Residential electricity prices are rising

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Graph of change in first-half 2014 average residential electricity prices from comparable 2013 period, as explained in the article text

Source: U.S. Energy Information Administration, August 2014 Electric Power Monthly
Note: Data are preliminary.
Note: .


U.S. retail residential electricity prices for the first half of 2014 averaged 12.3 cents per kilowatthour, an increase of 3.2% from the same period last year. This is the highest year-over-year growth in residential prices for the first half of the year since 2009. Average prices rose in all areas of the country except for the Pacific Census Division (excluding Alaska and Hawaii).

Electricity customers in New England experienced the largest price increases, averaging 11.8%. Beyond taxes, fees, and other charges, there are two main components of electricity bills: the generation component, which reflects the costs of generating the electricity, and the delivery portion, which reflects the costs of transmitting and distributing that electricity. All New England states, with the exception of Vermont, have restructured the industry so that residential customers have the option of choosing an alternative retail electricity supplier for the generation (energy) component of their electricity bill. More than one-quarter of all residential customers in New England pay a retail supplier other than the regulated utility for the generation of their electricity. Customers of both full-service utilities and restructured retail suppliers have experienced similar rate increases of just under 12% so far this year.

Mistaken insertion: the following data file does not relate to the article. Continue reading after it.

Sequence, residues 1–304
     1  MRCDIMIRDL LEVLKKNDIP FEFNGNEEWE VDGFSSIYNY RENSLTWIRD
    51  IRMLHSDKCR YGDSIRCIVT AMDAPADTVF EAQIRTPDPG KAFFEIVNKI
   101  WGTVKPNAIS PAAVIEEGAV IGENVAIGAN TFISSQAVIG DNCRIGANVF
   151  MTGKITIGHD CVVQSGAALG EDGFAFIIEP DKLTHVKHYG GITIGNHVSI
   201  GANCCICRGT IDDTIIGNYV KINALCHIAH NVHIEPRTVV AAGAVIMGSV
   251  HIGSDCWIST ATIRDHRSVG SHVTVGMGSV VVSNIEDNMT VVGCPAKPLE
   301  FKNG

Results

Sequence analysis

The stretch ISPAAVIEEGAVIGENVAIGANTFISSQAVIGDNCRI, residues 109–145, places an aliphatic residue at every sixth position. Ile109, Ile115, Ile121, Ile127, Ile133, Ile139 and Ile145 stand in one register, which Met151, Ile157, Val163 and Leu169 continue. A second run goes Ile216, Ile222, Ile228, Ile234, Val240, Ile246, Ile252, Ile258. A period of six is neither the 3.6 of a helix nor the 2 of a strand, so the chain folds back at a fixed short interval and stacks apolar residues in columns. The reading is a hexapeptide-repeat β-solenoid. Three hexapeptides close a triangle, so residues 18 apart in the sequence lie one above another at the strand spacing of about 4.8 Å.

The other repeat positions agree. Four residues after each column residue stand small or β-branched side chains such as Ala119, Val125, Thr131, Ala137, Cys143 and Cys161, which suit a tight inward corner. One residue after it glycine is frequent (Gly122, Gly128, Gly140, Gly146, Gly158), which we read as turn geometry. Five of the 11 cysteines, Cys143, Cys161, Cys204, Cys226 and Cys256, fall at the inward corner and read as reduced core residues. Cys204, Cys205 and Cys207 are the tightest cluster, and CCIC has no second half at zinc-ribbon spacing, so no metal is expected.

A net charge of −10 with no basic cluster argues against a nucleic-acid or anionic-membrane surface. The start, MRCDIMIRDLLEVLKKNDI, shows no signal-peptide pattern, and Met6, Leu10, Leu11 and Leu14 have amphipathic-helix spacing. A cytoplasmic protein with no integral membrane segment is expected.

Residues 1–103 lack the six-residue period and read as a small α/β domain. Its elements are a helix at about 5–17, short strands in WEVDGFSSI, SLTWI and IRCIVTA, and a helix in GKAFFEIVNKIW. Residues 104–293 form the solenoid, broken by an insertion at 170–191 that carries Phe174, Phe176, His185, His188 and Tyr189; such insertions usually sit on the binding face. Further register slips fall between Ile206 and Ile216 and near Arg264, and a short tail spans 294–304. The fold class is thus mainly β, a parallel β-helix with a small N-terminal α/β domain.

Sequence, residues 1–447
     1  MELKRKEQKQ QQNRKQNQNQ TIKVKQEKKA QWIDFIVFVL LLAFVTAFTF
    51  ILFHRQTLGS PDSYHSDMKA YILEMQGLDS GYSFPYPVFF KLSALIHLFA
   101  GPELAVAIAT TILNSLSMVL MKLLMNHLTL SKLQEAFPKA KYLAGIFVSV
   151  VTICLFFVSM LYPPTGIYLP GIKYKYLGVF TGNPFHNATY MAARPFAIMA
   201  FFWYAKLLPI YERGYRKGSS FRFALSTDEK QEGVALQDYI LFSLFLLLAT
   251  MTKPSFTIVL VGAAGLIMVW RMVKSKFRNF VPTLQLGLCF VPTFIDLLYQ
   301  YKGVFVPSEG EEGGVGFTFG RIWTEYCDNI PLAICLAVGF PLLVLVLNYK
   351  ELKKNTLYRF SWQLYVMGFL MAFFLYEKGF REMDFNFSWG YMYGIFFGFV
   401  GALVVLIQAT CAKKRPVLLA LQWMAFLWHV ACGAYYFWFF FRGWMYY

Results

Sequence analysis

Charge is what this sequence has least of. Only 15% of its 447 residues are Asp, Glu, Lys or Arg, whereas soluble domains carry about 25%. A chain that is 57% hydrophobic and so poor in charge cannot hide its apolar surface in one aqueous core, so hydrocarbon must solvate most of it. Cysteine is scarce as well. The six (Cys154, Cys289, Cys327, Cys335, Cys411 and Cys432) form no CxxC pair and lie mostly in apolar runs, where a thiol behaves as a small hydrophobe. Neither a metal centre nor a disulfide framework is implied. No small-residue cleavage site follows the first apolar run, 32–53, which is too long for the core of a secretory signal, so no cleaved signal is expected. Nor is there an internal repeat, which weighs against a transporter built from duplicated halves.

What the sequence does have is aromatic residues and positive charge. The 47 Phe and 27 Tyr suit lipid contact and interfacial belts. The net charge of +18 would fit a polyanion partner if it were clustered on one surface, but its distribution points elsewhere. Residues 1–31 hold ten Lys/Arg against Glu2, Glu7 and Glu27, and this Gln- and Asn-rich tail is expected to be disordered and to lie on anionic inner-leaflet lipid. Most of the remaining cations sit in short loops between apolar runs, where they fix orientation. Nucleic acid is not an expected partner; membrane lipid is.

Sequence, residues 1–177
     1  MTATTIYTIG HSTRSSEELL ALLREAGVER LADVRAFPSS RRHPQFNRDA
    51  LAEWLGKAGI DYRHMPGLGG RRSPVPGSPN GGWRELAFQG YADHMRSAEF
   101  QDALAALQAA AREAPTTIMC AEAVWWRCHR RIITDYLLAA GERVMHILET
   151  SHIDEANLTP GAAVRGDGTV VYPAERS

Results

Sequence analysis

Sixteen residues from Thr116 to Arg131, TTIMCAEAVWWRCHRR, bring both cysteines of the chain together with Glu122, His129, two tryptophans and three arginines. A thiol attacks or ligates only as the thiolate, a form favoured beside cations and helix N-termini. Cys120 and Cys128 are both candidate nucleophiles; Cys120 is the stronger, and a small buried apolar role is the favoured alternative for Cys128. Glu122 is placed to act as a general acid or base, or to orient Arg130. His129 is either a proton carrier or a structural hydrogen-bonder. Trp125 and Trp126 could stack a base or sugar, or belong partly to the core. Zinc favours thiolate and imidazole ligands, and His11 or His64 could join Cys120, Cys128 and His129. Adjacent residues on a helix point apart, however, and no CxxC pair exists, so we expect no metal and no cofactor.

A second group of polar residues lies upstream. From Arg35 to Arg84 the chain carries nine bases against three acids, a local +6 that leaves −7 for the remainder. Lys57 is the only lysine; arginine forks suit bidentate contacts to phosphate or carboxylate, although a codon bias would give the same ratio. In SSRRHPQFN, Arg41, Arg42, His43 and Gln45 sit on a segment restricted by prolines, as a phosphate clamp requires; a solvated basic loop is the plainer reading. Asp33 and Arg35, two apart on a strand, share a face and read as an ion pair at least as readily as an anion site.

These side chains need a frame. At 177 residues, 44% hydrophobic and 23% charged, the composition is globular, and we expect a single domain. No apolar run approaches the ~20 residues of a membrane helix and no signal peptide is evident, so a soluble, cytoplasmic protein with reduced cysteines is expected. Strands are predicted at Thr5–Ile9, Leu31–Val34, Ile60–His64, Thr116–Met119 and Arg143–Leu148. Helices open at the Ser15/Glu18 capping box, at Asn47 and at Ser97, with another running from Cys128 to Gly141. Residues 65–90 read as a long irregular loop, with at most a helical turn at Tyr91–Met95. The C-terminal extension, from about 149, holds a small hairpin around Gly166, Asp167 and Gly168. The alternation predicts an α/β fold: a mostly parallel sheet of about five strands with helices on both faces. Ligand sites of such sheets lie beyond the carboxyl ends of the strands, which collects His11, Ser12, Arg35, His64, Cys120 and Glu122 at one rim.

graph of first half 2014 growth in New England residential electricity prices from first half 2013, as explained in the article text

Source: U.S. Energy Information Administration, Form EIA-826 survey
Note: Growth rates reflect preliminary data.


How does EIA calculate retail electricity prices?

Electricity prices can be difficult to determine, as they depend on the customer's rate structure, which can differ greatly from company to company. EIA does not directly collect retail electricity rates or utility tariffs. However, using data collected on revenues and kilowatthours sold to each customer group (residential, commercial, and industrial), EIA calculates average retail revenue per kilowatthour as a proxy for retail electricity prices. The Utility Rate Database, sponsored in part by the U.S. Department of Energy, is one useful source of rate structure information.

The primary driver of the recent increase in New England retail rates was the sharp rise in wholesale power prices. For the first six months of 2014, the day-ahead wholesale power price in the ISO-New England control area averaged $93 per megawatthour, 45% higher than the average wholesale price during the same period last year. The increased cost of producing electricity in New England is evident in the 21% increase in the energy-only component of restructured retail suppliers' rates. In contrast, the delivery-only component of restructured retail customers' bills has risen only 2% this year. This component of electricity prices has been rising in part because utilities have been spending more on the transmission infrastructure necessary for delivering electricity to customers.

The 2.5% year-to-date decline in Pacific residential electricity prices is distorted by a temporary dip in revenues for California utilities during the month of April. This drop was a result of a credit averaging about $35 to the electric bills of most customers of the state's investor-owned utilities. The California Climate Credit is a refund of money that the state receives from the sale of allowances for greenhouse gas emissions through their cap-and-trade system. Excluding the month of April when the refund was issued, prices paid by residential customers in the Pacific region rose 0.9% above the same period last year. In California alone, prices (excluding April) were 1% higher.

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